“Bite-Size Bits of Local, National, and Global History”
“Bite-Size Bits of Local, National, and Global History”
Spokane in Spokane County, Washington — The American West (Northwest)

Symbol of Spokane

The Monroe Street Bridge

Symbol of Spokane Marker image. Click for full size.
Photographed By Cosmos Mariner, August 2, 2015
1. Symbol of Spokane Marker
• Total length: 965 feet
• Central arch span: 281 feet
• Side arch spans: 120 feet
• Height (at railing): 136 feet
• Cost: $535,000 (half went to labor)

Completed in 1911, the grand triple-arched Monroe Street Bridge stands as a symbol of the City of Spokane. In design and construction, it reflects the pride, ambition, and nostalgia of a booming western city.

The design process for the new bridge began in 1909. After considerable debate, city officials had settled on concrete as the material of choice. City engineer J.C. Ralston designed the bridge and later supervised its construction. Unlike previous bridges at this location, it would have a central arch that completely spanned the Spokane River, eliminating the need for a central supporting pier. It was an ambitious goal, and an arduous task. Laborers hired by the city dangled above the rapids on towers and cables, working to demolish the old steel bridge and build cribbing for the new one.

Shortly after demolition began, fill on the south bank failed, leading to the collapse of a large section of the old bridge. During construction,
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a violent wind-storm destroyed weeks' worth of labor on the central arch. Despite setbacks, however, the new bridge was completed and dedicated in 1911. It was a concrete structure like few others in the United States at the time — its central arch, spanning 281 feet was the third longest unsupported concrete arch in the world.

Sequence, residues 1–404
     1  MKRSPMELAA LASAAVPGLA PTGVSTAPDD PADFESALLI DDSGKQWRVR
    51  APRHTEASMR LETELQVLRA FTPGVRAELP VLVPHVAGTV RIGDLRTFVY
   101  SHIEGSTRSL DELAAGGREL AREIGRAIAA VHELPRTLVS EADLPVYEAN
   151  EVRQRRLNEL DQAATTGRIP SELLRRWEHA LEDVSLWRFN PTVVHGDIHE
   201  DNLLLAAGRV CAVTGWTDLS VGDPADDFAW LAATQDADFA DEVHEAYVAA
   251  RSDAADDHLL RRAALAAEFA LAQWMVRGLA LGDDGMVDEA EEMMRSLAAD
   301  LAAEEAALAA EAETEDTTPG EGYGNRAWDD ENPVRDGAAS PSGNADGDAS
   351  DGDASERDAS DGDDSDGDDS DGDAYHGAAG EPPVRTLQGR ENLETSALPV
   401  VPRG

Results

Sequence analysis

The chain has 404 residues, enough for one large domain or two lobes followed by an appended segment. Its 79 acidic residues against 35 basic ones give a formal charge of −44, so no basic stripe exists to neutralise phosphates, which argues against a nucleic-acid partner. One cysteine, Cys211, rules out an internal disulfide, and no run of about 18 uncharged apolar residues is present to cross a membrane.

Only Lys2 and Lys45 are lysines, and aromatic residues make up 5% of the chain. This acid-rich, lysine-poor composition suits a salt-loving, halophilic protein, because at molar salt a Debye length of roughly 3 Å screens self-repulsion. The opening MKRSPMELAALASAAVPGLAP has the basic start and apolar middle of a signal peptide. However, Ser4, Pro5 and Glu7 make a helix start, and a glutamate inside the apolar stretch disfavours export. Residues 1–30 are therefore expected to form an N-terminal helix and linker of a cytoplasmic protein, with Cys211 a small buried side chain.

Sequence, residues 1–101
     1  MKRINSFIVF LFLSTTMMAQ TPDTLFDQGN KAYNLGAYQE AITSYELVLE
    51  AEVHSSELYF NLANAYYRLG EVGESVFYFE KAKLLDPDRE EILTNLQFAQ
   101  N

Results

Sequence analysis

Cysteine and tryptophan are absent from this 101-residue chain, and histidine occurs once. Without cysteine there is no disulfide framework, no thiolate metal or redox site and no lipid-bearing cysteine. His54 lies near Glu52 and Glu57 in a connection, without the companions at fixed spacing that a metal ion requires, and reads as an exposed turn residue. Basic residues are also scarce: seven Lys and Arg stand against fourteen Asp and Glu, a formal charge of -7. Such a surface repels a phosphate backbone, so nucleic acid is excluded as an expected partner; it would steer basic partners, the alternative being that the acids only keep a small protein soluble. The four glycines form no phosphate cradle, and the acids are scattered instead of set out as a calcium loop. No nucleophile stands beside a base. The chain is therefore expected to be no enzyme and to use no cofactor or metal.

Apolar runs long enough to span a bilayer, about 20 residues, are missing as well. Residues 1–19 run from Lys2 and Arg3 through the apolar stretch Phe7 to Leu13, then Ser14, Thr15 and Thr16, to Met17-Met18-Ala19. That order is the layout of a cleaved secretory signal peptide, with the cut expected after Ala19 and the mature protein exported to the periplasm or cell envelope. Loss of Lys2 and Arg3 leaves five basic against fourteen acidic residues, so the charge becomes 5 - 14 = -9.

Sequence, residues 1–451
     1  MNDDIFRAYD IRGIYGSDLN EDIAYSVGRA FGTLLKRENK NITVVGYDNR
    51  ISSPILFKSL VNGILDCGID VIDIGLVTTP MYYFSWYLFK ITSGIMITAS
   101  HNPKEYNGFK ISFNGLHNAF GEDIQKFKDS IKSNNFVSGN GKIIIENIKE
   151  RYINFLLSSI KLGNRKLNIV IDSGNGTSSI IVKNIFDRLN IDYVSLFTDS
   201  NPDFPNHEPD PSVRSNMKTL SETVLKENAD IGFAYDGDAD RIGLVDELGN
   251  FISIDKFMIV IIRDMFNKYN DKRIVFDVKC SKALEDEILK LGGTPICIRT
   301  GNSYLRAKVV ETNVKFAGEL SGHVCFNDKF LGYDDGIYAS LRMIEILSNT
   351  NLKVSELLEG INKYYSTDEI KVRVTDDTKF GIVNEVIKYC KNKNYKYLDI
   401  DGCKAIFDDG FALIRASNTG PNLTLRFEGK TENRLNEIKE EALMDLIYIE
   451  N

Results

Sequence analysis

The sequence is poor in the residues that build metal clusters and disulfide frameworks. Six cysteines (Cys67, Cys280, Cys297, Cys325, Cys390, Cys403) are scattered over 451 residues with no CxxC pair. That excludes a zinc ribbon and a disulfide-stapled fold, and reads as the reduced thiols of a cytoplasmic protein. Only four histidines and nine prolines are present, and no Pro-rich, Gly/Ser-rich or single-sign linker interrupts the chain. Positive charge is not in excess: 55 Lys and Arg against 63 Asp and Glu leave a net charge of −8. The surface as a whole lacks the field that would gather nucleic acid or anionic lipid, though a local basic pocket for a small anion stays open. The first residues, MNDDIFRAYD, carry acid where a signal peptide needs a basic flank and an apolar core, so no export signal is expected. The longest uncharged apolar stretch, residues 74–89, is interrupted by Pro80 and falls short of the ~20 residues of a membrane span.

“This bridge should stand as long as some of those bridges built by the Romans, which are just as good today as the day they were built,” suggested W.J. Hindley, mayor of Spokane, at the bridge dedication in 1911.
Topics. This historical marker is listed in these topic lists: ArchitectureBridges & Viaducts. A significant historical year for this entry is 1911.
Location. 47° 39.591′ N, 117° 25.541′ W. Marker is in Spokane, Washington, in Spokane County. Marker is on West Spokane Falls Boulevard west of North Lincoln Street, on the right when traveling west. Marker is located beside the sidewalk, overlooking the subject Monroe Street Bridge. Touch for map. Marker is in this post office area: Spokane WA 99201, United States of America. Touch for directions.
Other nearby markers. At least 8 other markers are within walking distance of this marker. The First Bridges (a few steps from this marker); Monroe Street Bridge (a few steps from this marker); Spokane River (within shouting distance of this marker); Abraham Lincoln (about 300 feet away, measured in a direct
Marker detail: Bridge Construction Trestle image. Click for full size.
2. Marker detail: Bridge Construction Trestle
A complex wooden trestle was built for the construction of the new concrete bridge. In the photograph above the man standing at the top of the trestle arch puts the size of this construction project into perspective!